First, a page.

Showing blog posts tagged with Hayden Planetarium
by AMNH on
A new model shows how an elusive type of black hole can form in the gas surrounding its supermassive counterparts.
In research published in the Monthly Notices of the Royal Astronomical Society, scientists from the American Museum of Natural History, the City University of New York (CUNY), the Jet Propulsion Laboratory of the California Institute of Technology, and the Harvard-Smithsonian Center for Astrophysics propose that intermediate-mass black holes—light-swallowing celestial objects with masses ranging from hundreds to many thousands of times the mass of the Sun—can grow in the gas disks around supermassive black holes in the centers of galaxies. The physical mechanism parallels the model astrophysicists use to describe the growth of giant planets in the gas disks surrounding stars.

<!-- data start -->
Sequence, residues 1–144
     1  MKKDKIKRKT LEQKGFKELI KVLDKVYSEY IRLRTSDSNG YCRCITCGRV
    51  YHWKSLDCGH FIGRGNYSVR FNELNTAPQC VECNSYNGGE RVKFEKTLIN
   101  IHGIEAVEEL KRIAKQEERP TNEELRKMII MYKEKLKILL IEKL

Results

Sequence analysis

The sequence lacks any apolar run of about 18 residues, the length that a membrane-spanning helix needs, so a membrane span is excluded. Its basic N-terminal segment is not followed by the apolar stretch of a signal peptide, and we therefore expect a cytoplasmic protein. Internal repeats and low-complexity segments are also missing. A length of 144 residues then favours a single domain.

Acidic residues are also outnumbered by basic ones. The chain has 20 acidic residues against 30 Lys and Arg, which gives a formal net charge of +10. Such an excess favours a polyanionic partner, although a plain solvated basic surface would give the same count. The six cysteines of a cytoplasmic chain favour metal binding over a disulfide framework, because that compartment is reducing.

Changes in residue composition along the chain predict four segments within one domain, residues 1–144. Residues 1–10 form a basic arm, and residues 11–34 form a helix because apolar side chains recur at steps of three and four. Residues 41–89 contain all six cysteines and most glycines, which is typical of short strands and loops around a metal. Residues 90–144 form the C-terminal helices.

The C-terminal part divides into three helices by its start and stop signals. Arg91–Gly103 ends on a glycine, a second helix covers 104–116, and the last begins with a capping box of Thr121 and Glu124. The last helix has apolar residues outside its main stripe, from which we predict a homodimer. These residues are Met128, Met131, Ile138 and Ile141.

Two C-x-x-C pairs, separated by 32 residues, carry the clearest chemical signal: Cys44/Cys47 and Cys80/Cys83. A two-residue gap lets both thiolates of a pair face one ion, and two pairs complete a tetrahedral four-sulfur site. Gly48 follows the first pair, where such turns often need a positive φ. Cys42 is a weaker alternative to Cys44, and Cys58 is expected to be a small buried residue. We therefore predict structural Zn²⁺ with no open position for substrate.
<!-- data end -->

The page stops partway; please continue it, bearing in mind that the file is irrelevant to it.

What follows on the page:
by AMNH on
Astrophysicist Jackie Faherty is blogging about the upcoming transit of Venus, which will take place next week. In her first post, she explains what the transit is, when it occurs, where she will be observing it—and where New Yorkers can catch a glimpse of the phenomenon.
A rare astronomical event is upon us: our sister planet Venus is about to transit our Sun. Depending on your geographic location, this means that the distant planet will glide across the face of the Sun appearing as a small black dot for several hours. Just like the Moon will sometimes pass between the Earth and the Sun, causing a solar eclipse, so do the innermost planets Venus and Mercury. However, since Venus and Mercury are many times more distant to us than the Moon, and since their orbits are not perfectly aligned with that of the Earth, transits of the inner planets are far more rare than solar eclipses and the shadows they cast are smaller. But the event is no less dramatic and unfolds over several hours rather than mere minutes.